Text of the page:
The Lord Aberdare Literary Prize is awarded each year by the British Society of Sports History (BSSH) for the best book on any aspect of the history of sport in Britain or for the best book on any aspect of sports history written by a British author.
The shortlist for books published in 2016 is below. The winner will be announced at the society's 2017 conference in Worcester.
Shortlisted Titles (in alphabetical order):
Campbell, P. I. (2016) Football, Ethnicity and Community: The Life of An African-Caribbean Football Club. Peter Lang: Bern
A fascinating topic that makes an illuminating contribution to the literature on the history of football, extending the debate to include the British African-Caribbean male experience. The book contains some excellent research and is innovative in its methodological approach, successfully deploying sociological and ethnographic techniques to produce some rich, and self-reflexive, material. Appealing to specialist and popular audiences alike, this is written in an engaging and accessible style whilst maintaining scholarly rigour.
Haynes, R. (2016) BBC Sport in Black and White. Palgrave: London
An engaging, indeed a refreshing, subject that is presented in a well written and well-structured way. Covering a range of sports, it forwards a convincing thesis on the pivotal role of broadcasting in the development, management and perception of cricket, football, tennis and so on (and vice versa). The text covers some original ground and has crossover appeal with entertaining anecdotes balanced by excellent scholarship. Interestingly, this is as much a media as a sport history text and, as such, illustrates the value in addressing cross-disciplinary audiences.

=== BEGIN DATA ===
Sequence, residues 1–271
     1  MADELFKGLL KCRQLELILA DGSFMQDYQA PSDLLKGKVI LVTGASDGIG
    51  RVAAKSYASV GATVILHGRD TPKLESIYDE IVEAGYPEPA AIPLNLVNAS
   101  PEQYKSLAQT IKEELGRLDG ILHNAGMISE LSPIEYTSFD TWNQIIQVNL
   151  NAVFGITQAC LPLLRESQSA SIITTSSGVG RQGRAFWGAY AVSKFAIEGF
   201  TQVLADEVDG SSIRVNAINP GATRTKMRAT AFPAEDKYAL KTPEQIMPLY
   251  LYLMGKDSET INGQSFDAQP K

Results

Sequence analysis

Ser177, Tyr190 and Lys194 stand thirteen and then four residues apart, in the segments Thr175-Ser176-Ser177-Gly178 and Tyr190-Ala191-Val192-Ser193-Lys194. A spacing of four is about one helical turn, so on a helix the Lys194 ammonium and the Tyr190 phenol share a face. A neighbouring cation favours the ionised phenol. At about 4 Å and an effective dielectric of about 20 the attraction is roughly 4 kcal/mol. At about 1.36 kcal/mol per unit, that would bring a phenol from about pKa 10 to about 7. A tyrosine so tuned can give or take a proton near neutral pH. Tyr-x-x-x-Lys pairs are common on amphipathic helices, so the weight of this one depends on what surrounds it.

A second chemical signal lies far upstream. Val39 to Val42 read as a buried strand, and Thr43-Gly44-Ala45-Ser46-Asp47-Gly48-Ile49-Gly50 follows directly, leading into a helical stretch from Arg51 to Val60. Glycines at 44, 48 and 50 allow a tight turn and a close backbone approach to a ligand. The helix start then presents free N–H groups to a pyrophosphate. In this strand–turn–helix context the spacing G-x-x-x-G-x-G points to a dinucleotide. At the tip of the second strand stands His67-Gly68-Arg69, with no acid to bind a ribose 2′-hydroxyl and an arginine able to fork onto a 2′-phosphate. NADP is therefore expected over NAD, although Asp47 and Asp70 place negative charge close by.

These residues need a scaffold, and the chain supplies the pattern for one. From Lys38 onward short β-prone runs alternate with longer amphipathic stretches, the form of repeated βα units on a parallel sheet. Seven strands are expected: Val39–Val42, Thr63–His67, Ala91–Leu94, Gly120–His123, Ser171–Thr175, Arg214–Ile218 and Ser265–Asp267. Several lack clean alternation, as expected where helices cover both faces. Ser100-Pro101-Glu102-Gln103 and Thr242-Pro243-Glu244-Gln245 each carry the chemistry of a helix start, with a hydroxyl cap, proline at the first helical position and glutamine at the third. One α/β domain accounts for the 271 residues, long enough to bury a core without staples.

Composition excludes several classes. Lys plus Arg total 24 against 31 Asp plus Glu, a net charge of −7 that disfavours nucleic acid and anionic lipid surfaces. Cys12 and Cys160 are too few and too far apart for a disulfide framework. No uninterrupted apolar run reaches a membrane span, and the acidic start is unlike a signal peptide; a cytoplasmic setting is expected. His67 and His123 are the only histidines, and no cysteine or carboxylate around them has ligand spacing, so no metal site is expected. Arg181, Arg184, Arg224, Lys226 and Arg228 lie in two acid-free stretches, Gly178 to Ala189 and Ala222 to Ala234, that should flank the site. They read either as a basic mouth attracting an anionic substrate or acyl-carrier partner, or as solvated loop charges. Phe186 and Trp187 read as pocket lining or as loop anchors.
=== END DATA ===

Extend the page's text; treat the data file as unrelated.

Hughson, J. (2016) England and the 1966 World Cup: A Cultural History. Manchester Uni Press: Manchester
A well written and thoroughly researched book with good use of images. The author has managed to find a novel perspective on the oft-visited topic of the 1966 World Cup and the discussion of Ramsey illuminates the ’66 campaign in a new way. The text is a very good example of an approach that bridges sport- and cultural history and the interplay between the two is handled deftly.
Rider, T. C. (2016) Cold War Games: Propaganda, the Olympics, and US Foreign Policy. Uni of Illinois Press: Urbana
An interesting book, written by a British-born academic, now working at California State University, Fullerton. It considers the geo-politics of sport, going some way in strengthening the critical narrative between Cold War scholarship and sports historiography. This is a complex subject, which the author approaches with finesse, producing a highly readable text without compromising on scholarship. This book is dense with facts, well referenced and utilises de-classified archives to shine a light on some hidden aspects of US sport.